So how am I gonna do it? Easy -- stay healthy and stay consistent. OK, easier typed than done, especially considering my my injury-riddled rap sheet, but I'm confident that if I can finally achieve these two goals, I can run faster than I ever have before. The VCM buildup, aside from 8 months of uninterrupted, strength-based training, showed me that despite all the injury-riddled bullshit I've dealt with over the past three years, the fire inside still burns. Luckily, I've also got two strong legs, a great set of lungs and a coach who knows his shit. If I can stay in one piece, there's no reason I won't run fast. Not one.

Quote of the day:

Everything has been part of a master plan. Of course we've had to re-focus and re-adjust along the way, like everyone does, but there has always been a plan.
- Scott Raczko, coach of Alan Webb

Thursday, July 12, 2007

Just Roll with it

This is what I have to wake up to every morning in July.

For an American watching the race on TV, the Tour de France is much more than a hundred some-odd guys with foreign-sounding last names flying across France on two wheels at 30 mph. It's much, MUCH more than that, especially when Bob Roll is doing the color commentary.

First of all, in this country it's the Toor Day Frantz. The name of the race, as well as the names of the riders contesting it, are interpreted as widely as the gap between Bobby boy's two front teeth.

Even more entertaining, perhaps, is the commentary that whistles its way through that very same gap and eventually emanates from the Versus microphones. Keeping in mind the non-continuous nature of his pearly whites, Roll's words are priceless. Here are a couple gems from yesterday's fourth stage coverage.

"Someone tries to break away and the peloton puts the hammer down in the gutter."

and my personal, as well as obvious, favorite...

"The Spanish rider Freire is trying to close the gap down at the end of the stage."

I couldn't make this stuff up if I tried. So for the next couple weeks you can be sure that I'll be watching Versus' coverage of Le Tour with notebook and pen firmly in hand, for my own amusement if no one else's. Hey, it's not just sports anymore, it's sports entertainment.

Quote of the day:

"I wouldn’t be afraid of anybody in the race. Maybe I might not win, but I’m going to go down swimming."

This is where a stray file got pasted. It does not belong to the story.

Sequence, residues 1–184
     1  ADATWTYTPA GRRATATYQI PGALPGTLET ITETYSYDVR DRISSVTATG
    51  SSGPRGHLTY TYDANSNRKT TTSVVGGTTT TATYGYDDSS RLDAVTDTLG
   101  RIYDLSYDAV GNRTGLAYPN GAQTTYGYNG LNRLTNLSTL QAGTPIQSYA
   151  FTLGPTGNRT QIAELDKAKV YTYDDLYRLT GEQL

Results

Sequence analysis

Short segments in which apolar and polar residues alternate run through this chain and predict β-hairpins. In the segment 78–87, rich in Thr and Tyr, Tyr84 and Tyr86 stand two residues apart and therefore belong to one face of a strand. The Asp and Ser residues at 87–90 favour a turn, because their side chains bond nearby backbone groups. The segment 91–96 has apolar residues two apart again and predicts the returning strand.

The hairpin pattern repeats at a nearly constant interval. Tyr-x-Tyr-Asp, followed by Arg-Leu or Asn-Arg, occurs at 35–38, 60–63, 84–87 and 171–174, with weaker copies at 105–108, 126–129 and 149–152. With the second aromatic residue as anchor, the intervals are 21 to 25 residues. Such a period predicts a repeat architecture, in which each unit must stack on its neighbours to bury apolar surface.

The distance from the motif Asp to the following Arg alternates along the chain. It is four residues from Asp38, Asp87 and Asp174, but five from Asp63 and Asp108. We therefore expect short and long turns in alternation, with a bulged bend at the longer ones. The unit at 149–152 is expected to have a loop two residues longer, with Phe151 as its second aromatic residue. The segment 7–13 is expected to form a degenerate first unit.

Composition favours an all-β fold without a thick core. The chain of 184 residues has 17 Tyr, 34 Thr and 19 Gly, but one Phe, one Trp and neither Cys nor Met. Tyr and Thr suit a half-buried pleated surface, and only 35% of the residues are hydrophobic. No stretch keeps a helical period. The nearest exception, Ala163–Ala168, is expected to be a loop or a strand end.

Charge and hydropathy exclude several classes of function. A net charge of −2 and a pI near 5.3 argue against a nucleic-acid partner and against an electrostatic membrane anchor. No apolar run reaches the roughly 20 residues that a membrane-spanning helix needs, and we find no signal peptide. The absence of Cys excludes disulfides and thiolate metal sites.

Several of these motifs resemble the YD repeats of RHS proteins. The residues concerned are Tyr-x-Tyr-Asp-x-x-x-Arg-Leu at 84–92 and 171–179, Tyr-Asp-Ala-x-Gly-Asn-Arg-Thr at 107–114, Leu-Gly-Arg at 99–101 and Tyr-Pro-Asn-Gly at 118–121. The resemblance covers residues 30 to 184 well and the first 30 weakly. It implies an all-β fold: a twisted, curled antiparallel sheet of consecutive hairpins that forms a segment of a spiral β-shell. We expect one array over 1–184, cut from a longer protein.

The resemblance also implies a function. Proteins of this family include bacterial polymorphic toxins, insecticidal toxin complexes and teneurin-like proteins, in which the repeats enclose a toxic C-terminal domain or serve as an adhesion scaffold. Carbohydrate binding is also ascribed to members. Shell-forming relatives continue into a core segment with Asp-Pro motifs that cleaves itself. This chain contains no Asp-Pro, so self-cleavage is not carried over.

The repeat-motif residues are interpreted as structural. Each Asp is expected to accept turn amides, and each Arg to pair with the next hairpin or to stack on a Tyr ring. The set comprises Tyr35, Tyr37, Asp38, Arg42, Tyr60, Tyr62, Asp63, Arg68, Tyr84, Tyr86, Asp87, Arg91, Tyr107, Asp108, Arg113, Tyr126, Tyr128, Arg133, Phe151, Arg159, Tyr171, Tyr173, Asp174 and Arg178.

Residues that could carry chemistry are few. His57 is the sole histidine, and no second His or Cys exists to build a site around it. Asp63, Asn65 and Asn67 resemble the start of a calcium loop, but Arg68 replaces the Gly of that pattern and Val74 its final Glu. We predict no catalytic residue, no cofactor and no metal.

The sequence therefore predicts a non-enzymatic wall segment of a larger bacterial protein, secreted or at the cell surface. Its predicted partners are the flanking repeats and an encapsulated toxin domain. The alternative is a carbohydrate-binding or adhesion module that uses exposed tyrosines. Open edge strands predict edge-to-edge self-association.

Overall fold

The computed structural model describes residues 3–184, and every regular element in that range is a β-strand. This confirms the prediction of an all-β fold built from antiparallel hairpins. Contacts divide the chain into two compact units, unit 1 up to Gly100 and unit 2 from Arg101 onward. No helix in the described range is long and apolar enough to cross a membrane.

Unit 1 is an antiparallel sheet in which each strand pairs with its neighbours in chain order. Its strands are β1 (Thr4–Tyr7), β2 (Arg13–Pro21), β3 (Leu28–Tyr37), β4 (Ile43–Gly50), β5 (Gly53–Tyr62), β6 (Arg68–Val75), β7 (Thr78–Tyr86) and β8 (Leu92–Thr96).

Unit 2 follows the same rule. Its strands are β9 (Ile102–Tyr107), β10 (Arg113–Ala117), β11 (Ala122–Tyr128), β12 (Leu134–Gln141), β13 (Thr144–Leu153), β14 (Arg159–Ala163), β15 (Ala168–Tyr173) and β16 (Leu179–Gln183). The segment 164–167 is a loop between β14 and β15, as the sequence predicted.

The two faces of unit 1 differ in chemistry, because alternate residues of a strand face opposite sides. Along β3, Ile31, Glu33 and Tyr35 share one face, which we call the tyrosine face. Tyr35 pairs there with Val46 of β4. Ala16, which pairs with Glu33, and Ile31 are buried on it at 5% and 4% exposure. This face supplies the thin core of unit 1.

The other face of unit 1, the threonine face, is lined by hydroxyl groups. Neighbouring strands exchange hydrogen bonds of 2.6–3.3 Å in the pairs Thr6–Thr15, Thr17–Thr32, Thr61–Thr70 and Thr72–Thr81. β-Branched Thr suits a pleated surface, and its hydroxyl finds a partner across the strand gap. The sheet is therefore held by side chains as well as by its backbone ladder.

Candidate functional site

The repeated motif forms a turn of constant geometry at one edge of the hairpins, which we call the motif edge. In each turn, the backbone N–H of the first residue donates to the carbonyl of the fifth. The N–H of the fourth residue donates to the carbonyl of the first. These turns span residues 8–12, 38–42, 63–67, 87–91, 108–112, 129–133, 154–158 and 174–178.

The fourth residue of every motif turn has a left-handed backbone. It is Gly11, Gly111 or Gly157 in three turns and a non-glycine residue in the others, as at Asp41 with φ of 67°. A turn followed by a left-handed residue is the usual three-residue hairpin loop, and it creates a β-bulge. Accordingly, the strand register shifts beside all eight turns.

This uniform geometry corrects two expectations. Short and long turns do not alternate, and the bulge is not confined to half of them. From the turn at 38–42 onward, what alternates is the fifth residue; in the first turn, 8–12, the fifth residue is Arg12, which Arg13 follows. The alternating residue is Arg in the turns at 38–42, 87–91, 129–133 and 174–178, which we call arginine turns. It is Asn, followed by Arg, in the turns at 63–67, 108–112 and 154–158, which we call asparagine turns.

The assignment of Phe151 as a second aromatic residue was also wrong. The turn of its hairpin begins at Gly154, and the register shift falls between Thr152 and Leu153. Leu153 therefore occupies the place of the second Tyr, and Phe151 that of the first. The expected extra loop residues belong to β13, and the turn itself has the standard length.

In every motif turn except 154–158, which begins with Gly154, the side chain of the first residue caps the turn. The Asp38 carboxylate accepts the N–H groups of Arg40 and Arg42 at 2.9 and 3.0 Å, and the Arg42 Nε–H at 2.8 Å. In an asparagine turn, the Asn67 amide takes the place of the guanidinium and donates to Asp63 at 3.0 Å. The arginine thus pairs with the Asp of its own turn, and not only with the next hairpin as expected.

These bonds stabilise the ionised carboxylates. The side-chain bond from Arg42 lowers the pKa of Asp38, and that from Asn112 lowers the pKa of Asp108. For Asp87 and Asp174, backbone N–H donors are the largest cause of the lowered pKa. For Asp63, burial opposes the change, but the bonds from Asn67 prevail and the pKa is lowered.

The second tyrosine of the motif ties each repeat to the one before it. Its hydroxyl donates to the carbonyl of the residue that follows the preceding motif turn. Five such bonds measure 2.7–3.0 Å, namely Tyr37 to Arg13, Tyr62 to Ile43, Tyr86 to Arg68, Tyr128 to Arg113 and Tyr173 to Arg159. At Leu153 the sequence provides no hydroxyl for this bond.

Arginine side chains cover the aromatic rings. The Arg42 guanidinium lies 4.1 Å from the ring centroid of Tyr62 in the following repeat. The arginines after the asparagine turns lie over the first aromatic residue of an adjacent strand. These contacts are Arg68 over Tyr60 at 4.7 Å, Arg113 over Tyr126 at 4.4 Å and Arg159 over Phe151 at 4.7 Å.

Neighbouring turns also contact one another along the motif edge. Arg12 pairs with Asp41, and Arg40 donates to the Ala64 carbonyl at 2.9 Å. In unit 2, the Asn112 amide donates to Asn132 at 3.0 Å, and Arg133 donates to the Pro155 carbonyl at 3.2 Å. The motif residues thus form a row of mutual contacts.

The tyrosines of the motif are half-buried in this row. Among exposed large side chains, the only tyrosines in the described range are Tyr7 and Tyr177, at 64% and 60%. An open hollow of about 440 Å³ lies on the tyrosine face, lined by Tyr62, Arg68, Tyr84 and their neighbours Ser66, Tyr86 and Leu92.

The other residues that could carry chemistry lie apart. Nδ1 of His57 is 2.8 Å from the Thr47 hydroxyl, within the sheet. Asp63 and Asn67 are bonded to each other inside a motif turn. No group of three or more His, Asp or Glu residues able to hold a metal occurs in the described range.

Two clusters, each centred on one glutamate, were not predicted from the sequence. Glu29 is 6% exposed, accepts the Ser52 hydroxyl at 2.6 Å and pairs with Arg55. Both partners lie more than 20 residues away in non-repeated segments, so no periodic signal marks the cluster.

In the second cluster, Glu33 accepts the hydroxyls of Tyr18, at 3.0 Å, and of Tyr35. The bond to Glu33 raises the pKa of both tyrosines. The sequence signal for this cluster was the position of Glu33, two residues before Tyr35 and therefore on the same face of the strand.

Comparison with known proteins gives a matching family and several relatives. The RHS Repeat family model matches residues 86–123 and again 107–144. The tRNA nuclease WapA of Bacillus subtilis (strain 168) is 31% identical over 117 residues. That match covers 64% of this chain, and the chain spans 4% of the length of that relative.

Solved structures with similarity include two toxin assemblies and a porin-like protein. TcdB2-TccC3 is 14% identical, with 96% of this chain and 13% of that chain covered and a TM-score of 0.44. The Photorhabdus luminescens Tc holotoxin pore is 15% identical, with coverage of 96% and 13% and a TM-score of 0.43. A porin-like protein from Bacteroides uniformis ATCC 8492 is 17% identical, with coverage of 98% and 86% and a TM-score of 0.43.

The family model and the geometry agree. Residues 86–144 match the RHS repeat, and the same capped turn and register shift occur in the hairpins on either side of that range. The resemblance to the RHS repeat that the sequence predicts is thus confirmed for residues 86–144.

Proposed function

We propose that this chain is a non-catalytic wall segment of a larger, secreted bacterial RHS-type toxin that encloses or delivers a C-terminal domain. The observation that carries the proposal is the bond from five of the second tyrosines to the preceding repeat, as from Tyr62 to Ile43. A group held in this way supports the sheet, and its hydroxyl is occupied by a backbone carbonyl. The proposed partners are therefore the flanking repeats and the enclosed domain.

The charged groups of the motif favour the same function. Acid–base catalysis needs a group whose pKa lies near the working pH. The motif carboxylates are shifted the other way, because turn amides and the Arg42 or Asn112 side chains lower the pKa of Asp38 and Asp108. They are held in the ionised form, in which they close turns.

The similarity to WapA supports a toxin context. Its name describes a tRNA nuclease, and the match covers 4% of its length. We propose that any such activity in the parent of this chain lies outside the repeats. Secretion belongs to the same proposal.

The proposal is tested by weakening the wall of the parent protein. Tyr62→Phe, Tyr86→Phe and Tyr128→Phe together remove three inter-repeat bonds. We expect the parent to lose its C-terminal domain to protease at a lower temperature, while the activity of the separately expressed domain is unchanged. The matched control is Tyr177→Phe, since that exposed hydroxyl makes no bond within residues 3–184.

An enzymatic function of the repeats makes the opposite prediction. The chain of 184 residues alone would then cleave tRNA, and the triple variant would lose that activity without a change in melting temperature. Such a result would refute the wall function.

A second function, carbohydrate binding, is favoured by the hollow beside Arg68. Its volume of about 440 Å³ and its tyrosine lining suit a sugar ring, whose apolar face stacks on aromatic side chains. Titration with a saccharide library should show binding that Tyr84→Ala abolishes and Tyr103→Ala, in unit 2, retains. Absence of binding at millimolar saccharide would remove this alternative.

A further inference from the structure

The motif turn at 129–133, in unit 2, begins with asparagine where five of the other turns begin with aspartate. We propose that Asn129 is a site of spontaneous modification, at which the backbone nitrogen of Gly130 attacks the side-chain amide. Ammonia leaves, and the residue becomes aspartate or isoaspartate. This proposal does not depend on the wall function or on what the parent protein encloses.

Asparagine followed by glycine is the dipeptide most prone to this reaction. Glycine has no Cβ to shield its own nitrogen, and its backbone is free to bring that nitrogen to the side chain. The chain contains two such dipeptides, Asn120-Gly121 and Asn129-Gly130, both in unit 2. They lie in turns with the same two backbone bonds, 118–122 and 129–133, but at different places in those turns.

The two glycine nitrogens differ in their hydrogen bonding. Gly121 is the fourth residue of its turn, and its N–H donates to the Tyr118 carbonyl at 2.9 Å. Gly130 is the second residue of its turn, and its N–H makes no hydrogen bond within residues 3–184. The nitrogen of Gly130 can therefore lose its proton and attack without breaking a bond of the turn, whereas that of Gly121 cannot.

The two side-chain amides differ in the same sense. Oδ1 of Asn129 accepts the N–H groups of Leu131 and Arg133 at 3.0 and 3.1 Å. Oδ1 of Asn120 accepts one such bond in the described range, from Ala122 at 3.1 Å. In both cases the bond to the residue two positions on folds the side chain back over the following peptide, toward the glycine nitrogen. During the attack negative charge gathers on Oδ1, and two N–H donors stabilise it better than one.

- James Carney

Wednesday, July 11, 2007

It's baaaaaaaaack....

...and hopefully better than before, with more frequent updates and in need of no further name changes. That's right, the daily runaround has returned, inspired by the lunchtime prodding of one Mark Driscoll over a couple of massive sandwiches and a few chocolate chip cookies at the S&S Deli in West Boylston this afternoon. Yes ladies and gentleman, a little guilt trip goes a long way with me.

Look close enough and you'll notice I've cleaned the place up a bit. A couple cosmetic changes, a few additions and some minor edits should enhance your everyday blogging experience. Yes, everyday -- that's the hope anyway.

That being said, I'm sure some issues will arise that threaten the attainment of my just published goal but hey, I'll deal with them as they come and power through 'em as best I can. No, this isn't an early excuse, just a documented disclaimer. Hey, shit happens! I'm just covering my ass, the same rotund specimen I'm gonna need the Jaws of Life to help peel off this humidity-infested wooden chair I'm currently sitting in. Thank Mike Ditka that my new place will have central AC; it should be well worth the 25-year wait.

Time to get some shuteye. Take it easy.

Quote of the day:

Think rich. Look poor.
- Andy Warhol

Monday, July 09, 2007

No laughing matter

Injuries are a funny thing. Not that the one I'm currently trying to shake is a laughing matter but it's humoring me just the same. I've run three of the last four days with no noticeable issues other than feeling like a hunk of waddling lard, which is most assuredly a scene of hilarity to anyone unfortunate enough to witness it. After three weeks of no running, a few nut-crushing hours in the saddle and two ART sessions with Dr. Weiss, the suspect ankle actually feels pretty good. I've still got a long way to go but I'll take each 30-minute trot as a small victory right now. Hopefully by being diligent about the icing, stretching, strengthening and all that other preventative b.s., I mean maintenance, that will now be as much a part of my daily routine as my morning dump, I'll be able to stay a step ahead of injury. Actually, there's nothing funny about that, so scratch my original statement.

Injuries are a shitty thing. There, I feel better now.

Quote of the day:

"You cannot be a good fighter if you are always afraid of what might happen."
- American Shaolin

Friday, July 06, 2007


You know you're a total track dork when your best friend calls you from San Diego and tells you that Alan Webb just won the 1,500 meters in Paris with a PB and world-leading time of 3:30.54 and while sitting in traffic you start honking the horn furiously in celebration. Attaboy Alan!

Official Result
1500 Metres - Men

1. Alan Webb - USA, 3:30.54
2. Mehdi Baala - FRA, 3:31.01
3. Tarek Boukensa - ALG, 3:32.77

Quote of the day:

If I have given my all and still do not win, I haven't lost. Others might remember winning and losing; I remember the journey.